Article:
Skater Julian Yee: Etching the Malaysian Flag on Olympic Ice

AGAINST THE ODDS

Skater Julian Yee: Etching the Malaysian Flag on Olympic Ice

The Jalur Gemilang proudly flew at the Pyeongchang Winter Olympics in February. Malaysia’s lone skater, 21-year-old Julian Yee tells AWANI Review’s Ooi Zi Shan that his quest to carve the ice despite the climatic odds and put the nation on the figure skating map has just begun.

Skating, let alone the technically-demanding sport of figure skating is not exactly a sporting pursuit of choice in hot and humid Malaysia.

But the geographical and climatic barriers did not deter figure skater Julian Yee Zhi-Jie from dreaming of the Olympics – Winter, Olympics actually.

Those limitations – and the lack of financial support – for the sport, did not stop the 21-year-old from making history at Pyeongchang, South Korea in February.

Julian became the first Malaysian to compete at the Winter Olympics and came within a whisker of making the final of the men’s singles skating competition.

Taking to the world stage was a dream come true for Julian, who paced local shopping malls in his younger years to train – the only place in Malaysia that had skating rinks offering figure skating practice and training facilities.

“I started figure skating at Sunway Pyramid Ice when I was four,” says Julian. He was introduced to the sport by his mother, Irene Cheow.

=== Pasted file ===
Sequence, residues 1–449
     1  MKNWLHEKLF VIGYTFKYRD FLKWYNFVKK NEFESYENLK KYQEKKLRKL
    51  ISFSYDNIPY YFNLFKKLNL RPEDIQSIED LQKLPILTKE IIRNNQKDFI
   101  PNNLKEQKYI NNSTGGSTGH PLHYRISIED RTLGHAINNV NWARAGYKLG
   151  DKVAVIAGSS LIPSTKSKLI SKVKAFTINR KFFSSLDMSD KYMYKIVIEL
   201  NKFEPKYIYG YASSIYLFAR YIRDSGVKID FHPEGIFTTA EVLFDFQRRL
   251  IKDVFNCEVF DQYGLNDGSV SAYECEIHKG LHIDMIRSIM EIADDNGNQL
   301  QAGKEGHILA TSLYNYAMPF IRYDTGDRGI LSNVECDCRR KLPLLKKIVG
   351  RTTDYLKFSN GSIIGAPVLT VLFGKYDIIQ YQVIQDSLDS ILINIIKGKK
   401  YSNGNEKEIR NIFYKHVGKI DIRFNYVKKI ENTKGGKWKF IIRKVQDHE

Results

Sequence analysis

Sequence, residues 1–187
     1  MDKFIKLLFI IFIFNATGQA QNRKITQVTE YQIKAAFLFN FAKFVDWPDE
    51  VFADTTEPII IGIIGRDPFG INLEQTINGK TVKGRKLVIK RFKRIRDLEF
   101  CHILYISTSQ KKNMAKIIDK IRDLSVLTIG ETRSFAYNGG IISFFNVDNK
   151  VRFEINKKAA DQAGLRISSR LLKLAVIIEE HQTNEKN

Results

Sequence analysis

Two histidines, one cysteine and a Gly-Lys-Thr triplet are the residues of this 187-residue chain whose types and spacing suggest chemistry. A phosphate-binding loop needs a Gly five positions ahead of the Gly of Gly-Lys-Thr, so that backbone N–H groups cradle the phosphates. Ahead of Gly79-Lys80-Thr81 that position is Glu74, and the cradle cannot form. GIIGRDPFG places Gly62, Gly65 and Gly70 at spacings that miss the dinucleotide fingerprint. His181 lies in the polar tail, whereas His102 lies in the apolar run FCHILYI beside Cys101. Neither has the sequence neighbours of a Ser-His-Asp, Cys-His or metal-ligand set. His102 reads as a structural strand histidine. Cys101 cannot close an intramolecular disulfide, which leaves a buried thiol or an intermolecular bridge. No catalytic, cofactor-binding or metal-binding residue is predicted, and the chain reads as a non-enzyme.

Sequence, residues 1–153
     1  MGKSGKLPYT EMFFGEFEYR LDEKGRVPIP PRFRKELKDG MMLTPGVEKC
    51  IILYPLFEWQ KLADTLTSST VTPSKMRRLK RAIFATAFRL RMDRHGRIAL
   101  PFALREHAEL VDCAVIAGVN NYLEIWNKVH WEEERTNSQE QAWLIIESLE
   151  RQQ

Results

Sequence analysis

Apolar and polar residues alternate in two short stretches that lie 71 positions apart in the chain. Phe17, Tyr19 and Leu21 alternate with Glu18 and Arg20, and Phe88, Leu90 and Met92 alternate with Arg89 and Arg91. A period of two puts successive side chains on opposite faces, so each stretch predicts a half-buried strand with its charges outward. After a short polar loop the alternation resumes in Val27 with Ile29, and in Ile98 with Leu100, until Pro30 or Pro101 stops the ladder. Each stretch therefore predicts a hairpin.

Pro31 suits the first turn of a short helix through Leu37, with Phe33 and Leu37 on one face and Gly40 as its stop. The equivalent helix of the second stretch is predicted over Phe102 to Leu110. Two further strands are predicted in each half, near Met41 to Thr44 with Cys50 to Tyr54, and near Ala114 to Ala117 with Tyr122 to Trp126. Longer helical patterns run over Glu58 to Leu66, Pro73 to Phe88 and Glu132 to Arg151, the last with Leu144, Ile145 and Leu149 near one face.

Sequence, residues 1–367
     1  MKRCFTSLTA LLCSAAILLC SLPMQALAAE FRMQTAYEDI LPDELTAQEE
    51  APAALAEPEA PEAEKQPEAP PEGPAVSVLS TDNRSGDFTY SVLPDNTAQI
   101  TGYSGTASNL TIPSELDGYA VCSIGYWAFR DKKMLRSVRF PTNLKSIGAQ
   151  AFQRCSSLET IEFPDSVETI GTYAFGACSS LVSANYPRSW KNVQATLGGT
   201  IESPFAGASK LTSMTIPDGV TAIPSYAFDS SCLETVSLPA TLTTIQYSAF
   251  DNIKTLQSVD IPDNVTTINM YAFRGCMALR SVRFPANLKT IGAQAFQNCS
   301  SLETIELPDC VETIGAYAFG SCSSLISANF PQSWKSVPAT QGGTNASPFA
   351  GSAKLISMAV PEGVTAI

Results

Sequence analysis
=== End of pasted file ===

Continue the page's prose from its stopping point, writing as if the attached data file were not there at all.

“I practice at the rink before the mall opened in the wee hours of the mornings. Then, I will go home to continue with the rest of my day. I would come back again at night, after the mall closed,” Julian reminisced his typical day, growing up.

Julian’s journey to the Olympics was no easy feat. Figure skating – while growing in popularity – did not enjoy the kind financial support from the government and private sectors, unlike badminton, squash, or diving – sports which have produced world champions.

The cost to becoming an Olympic-standard figure skater comes at a hefty price tag. There is the physical labour – endless hours of jumping and spinning on the ice to create eye-catching and technically-proficient performances. Off the ice, there’s the cost of training, choreographers, custom-made boots and the services of costume designers.

“Doing any sport is not cheap at all, especially if you want to train for the Olympics or the World Championships,” says Julian.

Julian is currently pursuing a degree in business in Canada and trains at the Mariposa School of Skating, under the tutelage of former competitive German figure skater Michael Hopfes.

“Everyone around me inspires me -  my parents, coaches, friends and supporters. They taught me life values and their encouragement has shaped me into who I am today.”

“I am so thankful to see how far they have come to support me until today. Their presence and encouragement is the spur for me to continue my career no matter what.” adds Julian.

One of Julian’s most memorable experience was making the top 10 of the ISU Junior Grand Pix Nagoya TV Cup – the first Malaysian to do so.

“I think every competition is an experience,” says the SEA Games 2017 gold medalist.

“There is always room for improvement. What I gained in the competition is learning from other skaters. I like to see the differences between my routine and theirs - how they are getting more points, how I can improve to be just like them or better than them.”

Far from home, Julian is setting his sights to complete his studies and continue training competitively. He hopes to eventually help raise the profile of figure skating in Malaysia.

“I am not sure where I would be after I graduate. I would probably become a coach, share my knowledge with up and coming skaters and elevate this sport in Malaysia.

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